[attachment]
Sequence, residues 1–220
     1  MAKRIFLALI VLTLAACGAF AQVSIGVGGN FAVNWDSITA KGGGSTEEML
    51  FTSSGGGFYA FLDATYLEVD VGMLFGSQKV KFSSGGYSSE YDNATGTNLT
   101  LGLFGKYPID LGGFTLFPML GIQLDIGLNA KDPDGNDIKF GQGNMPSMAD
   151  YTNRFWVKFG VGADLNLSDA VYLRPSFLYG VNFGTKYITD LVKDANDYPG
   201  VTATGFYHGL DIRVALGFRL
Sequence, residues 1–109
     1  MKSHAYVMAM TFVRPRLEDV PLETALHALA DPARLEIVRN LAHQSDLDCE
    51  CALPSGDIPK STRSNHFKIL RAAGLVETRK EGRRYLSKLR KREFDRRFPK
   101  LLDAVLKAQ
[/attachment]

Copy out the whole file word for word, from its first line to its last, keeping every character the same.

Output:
Sequence, residues 1–220
     1  MAKRIFLALI VLTLAACGAF AQVSIGVGGN FAVNWDSITA KGGGSTEEML
    51  FTSSGGGFYA FLDATYLEVD VGMLFGSQKV KFSSGGYSSE YDNATGTNLT
   101  LGLFGKYPID LGGFTLFPML GIQLDIGLNA KDPDGNDIKF GQGNMPSMAD
   151  YTNRFWVKFG VGADLNLSDA VYLRPSFLYG VNFGTKYITD LVKDANDYPG
   201  VTATGFYHGL DIRVALGFRL
Sequence, residues 1–109
     1  MKSHAYVMAM TFVRPRLEDV PLETALHALA DPARLEIVRN LAHQSDLDCE
    51  CALPSGDIPK STRSNHFKIL RAAGLVETRK EGRRYLSKLR KREFDRRFPK
   101  LLDAVLKAQ